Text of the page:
Indonesians’ response to the recent Jakarta terror attacks marks a significant shift of attitude toward terrorism and martyrdom. It is a stark contrast to seven years ago when a similar situation took place in the world’s most populous Muslim country.
THERE APPEARS to be a noticeable shift in attitude among a section of Indonesians towards the notion of martyrdom as practised by Islamist militants, most recently in the 14 January attacks in Jakarta.
Seven years ago, when three of the four convicted 2002 Bali bombers were executed by firing squad, their bodies were given a heroic burial by villagers in their respective hometowns. Some even claimed that they were the true symbols of martyrdom. There was a black banner with a worrying quote in Bahasa Indonesia that read “3 Orang Mati Syahid TUMBUH 3,000 MUJAHID” [“The death of 3 MARTYRS gives rise to 3000 MUJAHID (jihadi fighters).”]
Although sympathy for the trio notably came mostly from their villages, to a certain degree, it also reflected the confused support for the Bali bombers, probably because the Jemaah Islamiyah (JI) that they were affiliated with was not portrayed as brutal and inhumane as the so-called Islamic State that came thereafter.
Community rejection of terrorism
It was a contrast in the case of Ahmad Muhazan and Sunakim alias Afif, two of the four dead terrorists in this month’s Jakarta attacks. The media reported that villagers rejected the bodies of both militants for burial. The duo’s involvement in the attacks was seen as an act that tarnished the image of Islam.
A white-coloured banner was erected in Indramayu, West Java, in the hometown of suicide bomber Ahmad Muhazan. It read “Warga Kedungwungu – Indramayu Menolak – Mayat – Teroris” (“The People of Kedungwungu – Indramayu Reject the body of Terrorist”). The media also reported that substantial numbers of locals demonstrated to reinforce the rejection. What is more glaring this time was the participation of a local ulama (religious scholar) in the rally to register the point. A similar though less intense response greeted fellow attacker Afif’s body. The people of the village in Subang, West Java where Afif was born rejected his burial there despite his wife’s appeal. They saw his action as not just a disgrace to the community but also a violation of law and religion.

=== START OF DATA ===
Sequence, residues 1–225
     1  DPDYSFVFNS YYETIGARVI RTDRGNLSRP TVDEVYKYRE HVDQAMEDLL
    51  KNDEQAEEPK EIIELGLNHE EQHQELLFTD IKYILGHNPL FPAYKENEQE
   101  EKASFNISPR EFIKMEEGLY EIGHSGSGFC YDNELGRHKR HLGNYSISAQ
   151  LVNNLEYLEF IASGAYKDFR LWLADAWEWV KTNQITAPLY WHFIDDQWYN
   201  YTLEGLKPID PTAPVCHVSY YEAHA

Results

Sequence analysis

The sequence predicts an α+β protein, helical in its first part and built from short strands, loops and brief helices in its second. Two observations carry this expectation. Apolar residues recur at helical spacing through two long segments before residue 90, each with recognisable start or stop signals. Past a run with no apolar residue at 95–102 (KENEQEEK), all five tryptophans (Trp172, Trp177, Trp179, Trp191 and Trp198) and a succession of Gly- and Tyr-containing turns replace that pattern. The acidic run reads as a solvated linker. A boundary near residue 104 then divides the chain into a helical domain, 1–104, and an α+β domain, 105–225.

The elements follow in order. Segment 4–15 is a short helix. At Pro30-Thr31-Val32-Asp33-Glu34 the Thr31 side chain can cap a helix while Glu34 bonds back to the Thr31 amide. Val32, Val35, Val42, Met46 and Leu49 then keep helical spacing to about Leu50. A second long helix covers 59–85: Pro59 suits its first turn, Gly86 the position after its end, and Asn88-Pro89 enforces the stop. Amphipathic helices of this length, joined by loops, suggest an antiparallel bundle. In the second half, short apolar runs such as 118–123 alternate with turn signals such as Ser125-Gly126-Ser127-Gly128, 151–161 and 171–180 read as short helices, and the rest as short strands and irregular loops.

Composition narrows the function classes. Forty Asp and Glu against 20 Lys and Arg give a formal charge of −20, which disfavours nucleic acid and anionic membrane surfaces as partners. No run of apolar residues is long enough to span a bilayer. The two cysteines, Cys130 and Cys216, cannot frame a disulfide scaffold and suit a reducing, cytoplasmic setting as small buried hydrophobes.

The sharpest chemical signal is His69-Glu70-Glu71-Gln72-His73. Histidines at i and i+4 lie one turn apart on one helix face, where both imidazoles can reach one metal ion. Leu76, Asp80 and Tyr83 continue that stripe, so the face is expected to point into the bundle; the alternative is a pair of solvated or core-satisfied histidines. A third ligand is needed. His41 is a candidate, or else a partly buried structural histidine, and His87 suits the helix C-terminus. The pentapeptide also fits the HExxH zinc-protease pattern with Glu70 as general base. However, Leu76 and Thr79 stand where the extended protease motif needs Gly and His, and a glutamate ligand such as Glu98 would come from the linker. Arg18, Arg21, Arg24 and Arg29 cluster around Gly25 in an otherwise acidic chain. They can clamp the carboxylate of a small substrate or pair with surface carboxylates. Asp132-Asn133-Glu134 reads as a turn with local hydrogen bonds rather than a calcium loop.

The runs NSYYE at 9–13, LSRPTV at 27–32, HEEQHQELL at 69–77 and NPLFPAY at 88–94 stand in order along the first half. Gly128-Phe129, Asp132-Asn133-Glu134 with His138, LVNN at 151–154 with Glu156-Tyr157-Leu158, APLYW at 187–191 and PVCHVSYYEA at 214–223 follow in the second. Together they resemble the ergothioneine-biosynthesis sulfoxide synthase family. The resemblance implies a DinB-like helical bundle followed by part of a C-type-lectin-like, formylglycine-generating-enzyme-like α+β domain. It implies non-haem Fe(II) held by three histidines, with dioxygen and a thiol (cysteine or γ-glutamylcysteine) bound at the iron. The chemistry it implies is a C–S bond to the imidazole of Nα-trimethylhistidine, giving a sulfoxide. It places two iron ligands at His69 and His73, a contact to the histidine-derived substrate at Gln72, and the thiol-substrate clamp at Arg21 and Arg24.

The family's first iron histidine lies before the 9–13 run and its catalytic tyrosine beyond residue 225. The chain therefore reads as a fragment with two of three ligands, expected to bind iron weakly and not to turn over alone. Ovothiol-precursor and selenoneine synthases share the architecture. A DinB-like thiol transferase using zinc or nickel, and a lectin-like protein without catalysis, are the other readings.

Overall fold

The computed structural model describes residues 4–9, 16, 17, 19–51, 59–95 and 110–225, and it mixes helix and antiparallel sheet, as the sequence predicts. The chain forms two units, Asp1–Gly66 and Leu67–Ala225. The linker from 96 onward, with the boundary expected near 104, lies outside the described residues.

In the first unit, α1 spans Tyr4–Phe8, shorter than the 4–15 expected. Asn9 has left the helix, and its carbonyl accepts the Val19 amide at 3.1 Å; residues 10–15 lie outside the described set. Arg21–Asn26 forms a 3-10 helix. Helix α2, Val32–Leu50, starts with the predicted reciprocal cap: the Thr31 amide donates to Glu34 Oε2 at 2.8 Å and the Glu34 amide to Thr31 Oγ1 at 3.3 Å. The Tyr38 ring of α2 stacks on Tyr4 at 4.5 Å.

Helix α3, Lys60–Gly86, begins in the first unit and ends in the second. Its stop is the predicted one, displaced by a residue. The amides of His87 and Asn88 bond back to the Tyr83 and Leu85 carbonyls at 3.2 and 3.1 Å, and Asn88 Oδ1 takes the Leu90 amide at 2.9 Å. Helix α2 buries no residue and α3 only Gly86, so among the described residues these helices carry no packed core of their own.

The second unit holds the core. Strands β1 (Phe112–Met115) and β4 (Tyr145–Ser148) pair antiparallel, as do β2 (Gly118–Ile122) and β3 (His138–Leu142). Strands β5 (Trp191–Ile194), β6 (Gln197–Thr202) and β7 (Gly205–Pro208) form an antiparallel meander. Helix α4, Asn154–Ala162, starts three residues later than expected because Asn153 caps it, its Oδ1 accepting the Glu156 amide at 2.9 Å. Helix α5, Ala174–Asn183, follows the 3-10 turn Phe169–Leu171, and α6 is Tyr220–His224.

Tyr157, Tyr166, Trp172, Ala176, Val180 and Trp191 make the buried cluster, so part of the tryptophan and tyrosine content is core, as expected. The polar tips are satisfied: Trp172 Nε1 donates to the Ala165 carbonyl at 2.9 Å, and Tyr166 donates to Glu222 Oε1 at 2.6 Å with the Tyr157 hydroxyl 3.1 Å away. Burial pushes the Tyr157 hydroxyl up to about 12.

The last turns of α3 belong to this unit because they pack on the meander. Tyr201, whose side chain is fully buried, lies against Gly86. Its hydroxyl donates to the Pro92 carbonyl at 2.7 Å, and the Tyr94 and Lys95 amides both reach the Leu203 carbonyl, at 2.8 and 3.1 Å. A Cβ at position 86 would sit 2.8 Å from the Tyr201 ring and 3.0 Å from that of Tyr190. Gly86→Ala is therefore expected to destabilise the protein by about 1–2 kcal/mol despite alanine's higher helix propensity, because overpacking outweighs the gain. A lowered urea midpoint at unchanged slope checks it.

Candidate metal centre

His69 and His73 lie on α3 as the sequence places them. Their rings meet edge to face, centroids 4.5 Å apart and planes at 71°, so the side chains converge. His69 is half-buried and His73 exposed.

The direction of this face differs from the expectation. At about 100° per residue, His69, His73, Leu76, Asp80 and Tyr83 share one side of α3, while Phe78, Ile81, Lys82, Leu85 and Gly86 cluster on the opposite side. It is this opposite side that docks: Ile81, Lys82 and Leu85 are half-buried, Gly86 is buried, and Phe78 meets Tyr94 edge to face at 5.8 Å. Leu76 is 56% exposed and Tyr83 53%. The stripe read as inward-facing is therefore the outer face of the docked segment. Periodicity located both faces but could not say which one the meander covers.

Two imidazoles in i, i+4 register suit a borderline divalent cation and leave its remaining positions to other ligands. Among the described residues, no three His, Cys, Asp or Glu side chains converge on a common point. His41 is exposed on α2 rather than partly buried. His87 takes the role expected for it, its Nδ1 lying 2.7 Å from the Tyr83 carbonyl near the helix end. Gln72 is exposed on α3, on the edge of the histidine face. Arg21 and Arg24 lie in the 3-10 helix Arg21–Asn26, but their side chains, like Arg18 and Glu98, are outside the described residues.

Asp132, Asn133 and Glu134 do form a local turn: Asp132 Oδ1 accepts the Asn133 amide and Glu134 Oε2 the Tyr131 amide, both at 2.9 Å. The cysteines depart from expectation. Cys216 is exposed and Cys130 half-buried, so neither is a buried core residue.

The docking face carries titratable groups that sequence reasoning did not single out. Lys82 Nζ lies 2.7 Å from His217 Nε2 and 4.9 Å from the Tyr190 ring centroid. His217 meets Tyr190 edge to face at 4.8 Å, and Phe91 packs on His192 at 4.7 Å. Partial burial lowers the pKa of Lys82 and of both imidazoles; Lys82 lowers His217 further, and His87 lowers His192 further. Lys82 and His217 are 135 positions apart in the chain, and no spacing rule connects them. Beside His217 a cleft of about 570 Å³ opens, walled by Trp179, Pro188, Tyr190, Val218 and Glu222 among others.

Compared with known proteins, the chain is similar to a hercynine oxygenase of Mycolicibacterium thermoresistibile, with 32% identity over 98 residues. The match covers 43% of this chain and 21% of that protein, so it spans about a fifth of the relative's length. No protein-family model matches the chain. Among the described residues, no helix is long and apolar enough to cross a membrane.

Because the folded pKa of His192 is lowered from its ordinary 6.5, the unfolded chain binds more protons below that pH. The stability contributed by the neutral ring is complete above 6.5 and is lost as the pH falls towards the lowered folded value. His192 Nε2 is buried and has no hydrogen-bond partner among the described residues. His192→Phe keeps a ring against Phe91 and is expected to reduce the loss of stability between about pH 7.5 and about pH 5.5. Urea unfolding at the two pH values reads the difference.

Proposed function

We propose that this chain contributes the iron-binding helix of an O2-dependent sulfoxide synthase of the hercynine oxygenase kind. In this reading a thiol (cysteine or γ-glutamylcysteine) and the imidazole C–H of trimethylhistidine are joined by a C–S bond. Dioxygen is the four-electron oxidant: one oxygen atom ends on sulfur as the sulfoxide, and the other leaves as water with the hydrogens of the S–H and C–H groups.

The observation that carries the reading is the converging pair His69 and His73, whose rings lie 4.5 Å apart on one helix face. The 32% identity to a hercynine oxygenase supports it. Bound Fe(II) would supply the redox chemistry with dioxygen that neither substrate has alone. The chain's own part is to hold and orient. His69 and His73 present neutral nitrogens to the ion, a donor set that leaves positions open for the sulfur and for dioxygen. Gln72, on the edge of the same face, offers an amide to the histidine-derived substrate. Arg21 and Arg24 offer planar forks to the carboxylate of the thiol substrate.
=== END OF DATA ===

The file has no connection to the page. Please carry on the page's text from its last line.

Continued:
Elsewhere, the local Islamic youth movement in Purwokerto, Central Java, took to the street in protest against the 14 January attacks. They were reportedly carrying placards that read “Let’s reject the caliphate – it damages Indonesian unity”. At the site of the attacks, people were seen walking around holding placards “Kami Berduka #KamiTidakTakut (We are sad #WeAreNotAfraid), Kami Berduka #IndonesiaTidakTakut (We are sad #IndonesiaIsNotAfraid)”.
Indonesians’ growing public antipathy towards terrorism is a healthy development. They should turn this into a positive social movement to counter the growth of ISIS.
Why the different response this time?
While there is some support for ISIS in Indonesian society, there is an even stronger evidence of growing opposition to ISIS that is worth analysing. There could be two reasons. Firstly, relative to JI, ISIS’ behaviour is barbaric and cruel. JI had mostly carried out bomb attacks while ISIS is synonymous with unprecedented persecutions ever committed by any terror groups in the last century. The beheading of captives; the burning of POWs alive; the hurling down of gay couples from tower blocks, among others, have won the group a notorious reputation.